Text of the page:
Image: Muscutt at wall
Keith Muscutt
Researcher Keith Muscutt surveys a wall at the Chachapoya archaeological site known as Huaca la Penitenciaria, or Penitentiary Ruin. Muscutt believes the site may provide clues to the history of the "cloud warriors" who fought against the Inca centuries ago.
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updated 1/17/2007 10:50:46 PM ET 2007-01-18T03:50:46

An unusual archaeological site discovered in Peru’s mountains may hold clues to the history of the Chachapoya people, known as “cloud warriors,” who fought the Inca Empire before the Spanish conquest.

Keith Muscutt, a British-born Chachapoya researcher with the University of California at Santa Cruz, said Wednesday that structures found at the site were “strikingly anomalous” because of their size, shape and remote location in the dense forest full of spider monkeys and toucans.

The unfortified, possibly ceremonial structures are located in an area previously considered on the periphery of the Chachapoya domain in the upper Amazon region.

“What it is showing is that we don’t really know what their territory was,” he told Reuters. The place where the ruins were discovered had been considered a buffer zone between the highland Chachapoya and the tribal cultures of the Amazon basin.

“It is certainly not a fortress, so either the Chachapoya’s territory extended further east, or they relied more on cooperation than conflict with their neighbors,” he said.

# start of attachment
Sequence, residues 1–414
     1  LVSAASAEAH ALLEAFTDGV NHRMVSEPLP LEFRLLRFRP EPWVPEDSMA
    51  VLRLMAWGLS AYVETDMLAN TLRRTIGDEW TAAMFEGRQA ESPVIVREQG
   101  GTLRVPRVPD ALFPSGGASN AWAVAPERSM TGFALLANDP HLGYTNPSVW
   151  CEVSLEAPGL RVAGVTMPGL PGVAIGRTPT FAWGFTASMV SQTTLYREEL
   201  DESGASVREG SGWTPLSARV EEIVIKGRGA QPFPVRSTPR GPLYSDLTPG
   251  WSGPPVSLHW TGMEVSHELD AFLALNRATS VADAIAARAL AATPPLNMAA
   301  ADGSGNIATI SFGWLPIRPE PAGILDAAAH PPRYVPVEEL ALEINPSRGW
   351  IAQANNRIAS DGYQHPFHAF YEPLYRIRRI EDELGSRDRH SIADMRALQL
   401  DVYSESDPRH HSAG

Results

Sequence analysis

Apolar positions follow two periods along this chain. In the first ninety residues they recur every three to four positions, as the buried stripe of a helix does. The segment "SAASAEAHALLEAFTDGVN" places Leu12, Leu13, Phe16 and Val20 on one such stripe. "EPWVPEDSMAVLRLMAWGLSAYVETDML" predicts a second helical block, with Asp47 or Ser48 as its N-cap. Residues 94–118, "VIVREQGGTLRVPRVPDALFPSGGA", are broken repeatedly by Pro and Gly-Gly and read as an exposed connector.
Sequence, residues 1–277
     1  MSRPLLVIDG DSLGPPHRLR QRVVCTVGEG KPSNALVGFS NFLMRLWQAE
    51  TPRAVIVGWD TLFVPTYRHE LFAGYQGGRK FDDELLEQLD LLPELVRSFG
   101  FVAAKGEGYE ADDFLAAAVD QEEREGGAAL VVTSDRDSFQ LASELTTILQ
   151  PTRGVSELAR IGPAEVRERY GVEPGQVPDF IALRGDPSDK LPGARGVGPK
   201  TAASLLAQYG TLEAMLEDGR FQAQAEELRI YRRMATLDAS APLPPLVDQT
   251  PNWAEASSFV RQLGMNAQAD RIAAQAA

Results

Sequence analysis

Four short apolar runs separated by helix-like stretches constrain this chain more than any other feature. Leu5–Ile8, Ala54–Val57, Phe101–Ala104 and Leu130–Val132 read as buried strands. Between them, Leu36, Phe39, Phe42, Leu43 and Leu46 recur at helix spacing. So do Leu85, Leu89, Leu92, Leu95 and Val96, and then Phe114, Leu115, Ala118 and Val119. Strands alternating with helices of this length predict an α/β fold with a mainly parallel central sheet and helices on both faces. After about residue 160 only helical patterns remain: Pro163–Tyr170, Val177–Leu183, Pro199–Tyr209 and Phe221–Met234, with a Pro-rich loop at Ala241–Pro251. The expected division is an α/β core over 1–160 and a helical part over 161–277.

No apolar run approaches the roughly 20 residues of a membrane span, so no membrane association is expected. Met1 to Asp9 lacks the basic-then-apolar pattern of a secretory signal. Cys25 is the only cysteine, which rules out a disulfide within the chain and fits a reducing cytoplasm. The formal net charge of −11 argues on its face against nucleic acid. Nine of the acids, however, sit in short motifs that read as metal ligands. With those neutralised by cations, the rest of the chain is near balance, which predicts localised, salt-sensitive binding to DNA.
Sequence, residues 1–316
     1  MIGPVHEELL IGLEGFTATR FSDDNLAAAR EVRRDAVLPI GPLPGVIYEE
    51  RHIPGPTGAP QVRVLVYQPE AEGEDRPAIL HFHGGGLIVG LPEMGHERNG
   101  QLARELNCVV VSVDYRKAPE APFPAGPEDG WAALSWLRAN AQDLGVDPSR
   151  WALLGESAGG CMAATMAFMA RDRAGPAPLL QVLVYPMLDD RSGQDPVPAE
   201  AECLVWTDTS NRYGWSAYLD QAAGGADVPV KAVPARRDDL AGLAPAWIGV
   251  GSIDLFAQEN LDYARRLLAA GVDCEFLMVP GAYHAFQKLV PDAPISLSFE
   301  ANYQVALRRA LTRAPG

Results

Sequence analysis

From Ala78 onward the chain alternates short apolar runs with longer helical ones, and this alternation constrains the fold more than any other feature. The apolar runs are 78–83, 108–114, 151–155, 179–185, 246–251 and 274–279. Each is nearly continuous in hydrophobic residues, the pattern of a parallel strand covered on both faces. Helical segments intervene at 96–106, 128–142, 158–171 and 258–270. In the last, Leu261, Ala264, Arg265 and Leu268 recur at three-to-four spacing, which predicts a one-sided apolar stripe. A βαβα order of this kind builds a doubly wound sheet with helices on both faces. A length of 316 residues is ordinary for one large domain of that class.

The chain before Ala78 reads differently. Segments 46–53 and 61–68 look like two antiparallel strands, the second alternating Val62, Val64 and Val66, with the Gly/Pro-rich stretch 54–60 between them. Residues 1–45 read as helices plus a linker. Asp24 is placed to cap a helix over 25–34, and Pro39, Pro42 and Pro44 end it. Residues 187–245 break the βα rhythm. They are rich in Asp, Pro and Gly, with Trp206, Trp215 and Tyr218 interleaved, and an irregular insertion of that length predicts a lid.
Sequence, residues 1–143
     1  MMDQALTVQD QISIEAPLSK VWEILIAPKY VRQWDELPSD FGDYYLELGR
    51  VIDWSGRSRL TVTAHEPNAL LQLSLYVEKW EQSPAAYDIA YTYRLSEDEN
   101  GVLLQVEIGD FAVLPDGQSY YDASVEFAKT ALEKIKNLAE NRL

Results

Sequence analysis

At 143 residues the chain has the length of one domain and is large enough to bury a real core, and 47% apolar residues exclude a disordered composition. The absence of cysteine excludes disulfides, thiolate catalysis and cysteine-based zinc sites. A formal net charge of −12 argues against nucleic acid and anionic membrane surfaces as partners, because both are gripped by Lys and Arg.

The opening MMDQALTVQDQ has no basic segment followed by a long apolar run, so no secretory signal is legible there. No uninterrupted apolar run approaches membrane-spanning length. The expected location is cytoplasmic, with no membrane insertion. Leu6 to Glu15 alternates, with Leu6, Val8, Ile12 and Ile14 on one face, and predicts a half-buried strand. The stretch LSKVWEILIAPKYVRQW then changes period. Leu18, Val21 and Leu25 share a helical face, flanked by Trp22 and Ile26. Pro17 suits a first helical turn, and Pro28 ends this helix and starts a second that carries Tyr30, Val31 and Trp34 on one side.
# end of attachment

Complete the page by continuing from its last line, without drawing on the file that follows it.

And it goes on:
Conquered by Incas
The Chachapoya civilization, which flourished between 800 and 1475, is known for its mountaintop citadels, such as Kuelpa and Vira Vira, and its well-preserved mummies found in tombs at the Lake of the Condors.

Image: Stone sculpture
Keith Muscutt
A Chachapoya stone sculpture is modeled after a human head.
Conquered by the Incas just before the Spanish conquest, they allied with the Spaniards after 1532, but fell victim to diseases brought from Europe and vanished.

This ruin, dubbed Huaca la Penitenciaria (Penitentiary Ruin), consists of a large ceremonial platform, a plaza and a number of rectangular and circular buildings.

The heavily overgrown site was discovered by the Anazco family of Peruvian explorers at a plateau in the mountains between the Rio Verde and Rio Huabayacu in the Department of San Martin, about 560 miles (900 kilometers) north of Lima.

Find to be evaluated
In August, Muscutt, 60, took part in an Anazco-led expedition that made a preliminary survey of the site.

“My goal at this point is to notify the appropriate Peruvian authorities,” Muscutt said. He is also talking to archaeologists to evaluate the find.

Although additional research is needed to confirm that it is a Chachapoya structure, Muscutt said it had an ornamental frieze and dry masonry very typical of the Chachapoyas.

“Also, all the walls have a slight bulge to them like the side of a barrel, which I think is a fault in their engineering that they adopted and made a feature — an aesthetic choice resulted from engineering accident,” Muscutt said.

He said the site had been abandoned for at least 400 years. “It is a very interesting archaeological time capsule,” he said.

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